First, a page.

First things first: I did not attend the Occupy Portland protest on purpose; I was in Old Town for my own reasons.--- Like many who stayed away, I have always been leery of large masses of people shouting for one side or another, whether at stadiums or in street marches, even if the side they're on is my own.
The reason is less the suffocating claustrophobia of such crowds—though this is also true—but rather something akin to a scene described in Milan Kundera's The Unbearable Lightness of Being: When a Czechoslovakian political refugee declines to participate in a political march against the Russian occupation of her country, it is out of a feeling that "behind all occupations and invasions lurks a more basic, pervasive evil and that the image of that evil was a parade of people marching by with raised fists and shouting identical syllables in unison." Which is to say I have always found myself more in tune with the dogged, often lonely, unsung work of community organizers, advocates and longtime volunteers, however rare such dedication may be. It is not that symbolic manifestations have no power, but that such symbols often spin out of the control of even the best intentioned.

Still, it was hard to see any "basic, pervasive evil" in the peaceable, affable crowds that marched yesterday into and out of downtown's Pioneer Courthouse Square, from their 2:30 pm starting point at Waterfront Park. Though a long array of shopworn protest slogans were chanted, it was hardly a group in militarized lockstep but rather a broad cross-section of the disenchanted and the disenfranchised, young and old and in between: paired mothers and daughters were a not-uncommon sight, alongside elderly couples, wide-eyed college kids and the inevitable raft of the deeply radicalized. For the most part it just looked like "the people," in the old optimistic sense of the phrase. A protester attending told me, "I know it's mostly liberals here, but I can't help but think that a lot of conservatives see the same problems we do."

By simple back of envelope calculation (an average of 8-10 people passing by per second, for a total of 24 minutes), I arrived at a figure of between 11,000 and 14,500 people in attendance, which for a town the size of Portland is a figure that is very difficult to ignore. At times it seemed there would be no end to the marchers, that the streets would be forever filled in Seussian lemniscate.

Upon arrival at the square, people did just what the protest's title implied: they occupied the square. Except at the square's very center, whatever was said on the inadequate P.A. was hopelessly garbled and diffused by the mass of bodies. The solidarity was thus less about specific message (who could hear?) than in simple shared presence, the optimism in discovering that so large a group cares about what one cares about. Those at the edges of the square milled around somewhat confused about their purpose, while in the middle of Broadway Avenue, someone who'd brought a much more effective sound system had started an impromptu street dance party by the Nordstrom store.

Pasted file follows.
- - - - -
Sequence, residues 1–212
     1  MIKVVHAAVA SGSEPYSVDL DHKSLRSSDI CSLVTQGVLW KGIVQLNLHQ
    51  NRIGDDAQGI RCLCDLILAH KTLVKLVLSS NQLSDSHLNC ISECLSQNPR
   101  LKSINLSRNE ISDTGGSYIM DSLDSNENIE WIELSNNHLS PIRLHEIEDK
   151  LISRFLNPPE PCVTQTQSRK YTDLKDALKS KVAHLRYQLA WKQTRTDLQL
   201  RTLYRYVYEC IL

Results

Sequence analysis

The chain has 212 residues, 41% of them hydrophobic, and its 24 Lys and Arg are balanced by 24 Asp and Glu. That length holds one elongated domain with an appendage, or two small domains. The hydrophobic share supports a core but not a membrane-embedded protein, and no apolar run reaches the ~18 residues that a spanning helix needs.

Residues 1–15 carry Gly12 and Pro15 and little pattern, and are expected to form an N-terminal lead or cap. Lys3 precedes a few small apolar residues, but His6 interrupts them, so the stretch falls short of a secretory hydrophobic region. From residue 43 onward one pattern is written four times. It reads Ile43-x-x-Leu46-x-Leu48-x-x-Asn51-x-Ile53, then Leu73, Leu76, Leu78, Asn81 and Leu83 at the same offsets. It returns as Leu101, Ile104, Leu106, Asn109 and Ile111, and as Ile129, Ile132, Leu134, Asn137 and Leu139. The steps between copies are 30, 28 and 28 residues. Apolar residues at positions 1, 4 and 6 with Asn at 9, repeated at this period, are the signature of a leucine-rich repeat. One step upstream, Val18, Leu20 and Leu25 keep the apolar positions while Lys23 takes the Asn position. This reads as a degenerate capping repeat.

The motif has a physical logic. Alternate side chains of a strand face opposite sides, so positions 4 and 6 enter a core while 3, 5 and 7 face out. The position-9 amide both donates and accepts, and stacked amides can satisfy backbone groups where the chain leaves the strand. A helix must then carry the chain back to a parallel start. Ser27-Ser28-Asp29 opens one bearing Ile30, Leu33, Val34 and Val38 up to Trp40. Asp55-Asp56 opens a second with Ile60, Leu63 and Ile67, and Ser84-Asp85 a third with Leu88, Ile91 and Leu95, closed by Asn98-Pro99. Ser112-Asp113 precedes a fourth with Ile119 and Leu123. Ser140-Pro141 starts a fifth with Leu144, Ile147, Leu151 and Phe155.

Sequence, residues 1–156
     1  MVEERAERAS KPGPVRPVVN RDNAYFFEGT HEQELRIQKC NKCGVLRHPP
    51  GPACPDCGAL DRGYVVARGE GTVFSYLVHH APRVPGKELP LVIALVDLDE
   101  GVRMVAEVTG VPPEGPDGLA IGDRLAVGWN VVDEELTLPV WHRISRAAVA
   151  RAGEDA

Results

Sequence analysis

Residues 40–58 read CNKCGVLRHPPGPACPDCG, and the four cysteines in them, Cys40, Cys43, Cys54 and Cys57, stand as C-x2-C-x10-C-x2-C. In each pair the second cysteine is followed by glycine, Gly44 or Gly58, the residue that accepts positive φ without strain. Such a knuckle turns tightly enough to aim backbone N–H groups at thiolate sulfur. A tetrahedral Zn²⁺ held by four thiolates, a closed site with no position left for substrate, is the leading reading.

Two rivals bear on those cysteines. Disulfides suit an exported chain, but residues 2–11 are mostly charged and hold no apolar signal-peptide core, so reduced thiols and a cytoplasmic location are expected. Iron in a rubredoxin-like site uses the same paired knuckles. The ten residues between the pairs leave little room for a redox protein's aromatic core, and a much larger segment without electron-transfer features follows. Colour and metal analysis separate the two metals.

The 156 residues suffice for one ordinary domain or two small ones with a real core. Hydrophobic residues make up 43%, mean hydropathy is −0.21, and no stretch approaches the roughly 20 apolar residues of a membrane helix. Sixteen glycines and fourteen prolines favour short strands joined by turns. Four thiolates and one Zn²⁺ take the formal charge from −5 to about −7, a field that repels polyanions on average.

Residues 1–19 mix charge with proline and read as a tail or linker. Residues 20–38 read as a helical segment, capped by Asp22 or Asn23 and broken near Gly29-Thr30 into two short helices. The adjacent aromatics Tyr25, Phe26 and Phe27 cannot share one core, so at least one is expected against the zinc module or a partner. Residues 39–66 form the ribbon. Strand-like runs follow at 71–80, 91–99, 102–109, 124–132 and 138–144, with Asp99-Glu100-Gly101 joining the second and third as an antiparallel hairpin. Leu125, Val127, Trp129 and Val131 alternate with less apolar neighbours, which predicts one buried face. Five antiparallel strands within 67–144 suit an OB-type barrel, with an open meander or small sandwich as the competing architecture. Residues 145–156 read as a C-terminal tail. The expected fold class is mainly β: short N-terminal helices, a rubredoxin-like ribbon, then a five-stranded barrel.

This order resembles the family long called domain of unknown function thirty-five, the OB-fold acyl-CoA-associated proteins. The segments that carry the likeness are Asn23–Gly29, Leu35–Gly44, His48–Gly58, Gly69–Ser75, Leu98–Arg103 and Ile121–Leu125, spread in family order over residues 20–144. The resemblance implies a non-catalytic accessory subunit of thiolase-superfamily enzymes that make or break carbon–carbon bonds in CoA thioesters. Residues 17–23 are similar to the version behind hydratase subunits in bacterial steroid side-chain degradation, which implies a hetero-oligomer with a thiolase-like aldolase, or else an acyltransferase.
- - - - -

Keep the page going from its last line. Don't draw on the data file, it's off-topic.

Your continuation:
Police presence was benign, though ever increasing: officers smiled and waved at the occasional (very uncommon) heckle, mostly serving to block streets from cars and to support Tri-Met employees trying desperately to keep everyone off the MAX tracks as trains rolled in. “Please be careful,” said a man in a yellow vest. “Please be careful. I don’t want anyone to get hurt.” 

“I’m pissed off because we have no voice.”

Some responses of the assembled when asked why, in fact, they were there:

    •    From a slightly shy young woman at the edge of the square, dressed in scarf and beanie: “I was thinking about that in the shower this morning, and honestly I think it’s kind of vague, what this movement is. It’s just a kind of roiling dissatisfaction. I’d be interested to hear what other people’s responses would be.”

    •    From a gregarious older man with close-cropped hair: "I'm an old guy who's genuinely ashamed of what's happened to my society on my adult watch since 1980. The project of improving democracy and putting us on a sustainable course has failed. Oligarchy, a few people of wealth and power controlling society even more so than in 1980, has us totally on the wrong course. It's awful."

    •    From an older woman taking a break on the square's bricks: "I'm just fed up with the way that things are being portrayed in the media. Corporate media, which includes NPR, has us all thinking that austerity is the only solution and it's just not true. Social security and Medicare should not be privatized. I think when things get privatized that's when there's fraud and corruption."

    •    From a conservative-looking young man in a North Face vest: “Because the top 1 percent owns close to a third of the wealth, and I don’t think that’s right.”

    •    From a young man with stretched ears: “I don’t want to talk to you.”

    •    From a young man with sharpied slogans on every part of his shirt, much like a signed cast: “No. Thank you, but no.”

I left just as the march reached the square where many would remain overnight, in harmless occupation; city officials had already decided to overturn the park's camping ban, promising a relatively friction-free stay. Still, a team of six horse police moved toward the square, and behind them, a pack of eight police motorcycles filled the next road to the north of the marchers. The looming clouds had already buffed most of the day's patina into dull glaze, the wind was lazily shifting directions, and just as I turned away from the march, it began gently to rain.

Read more about Occupy Portland here.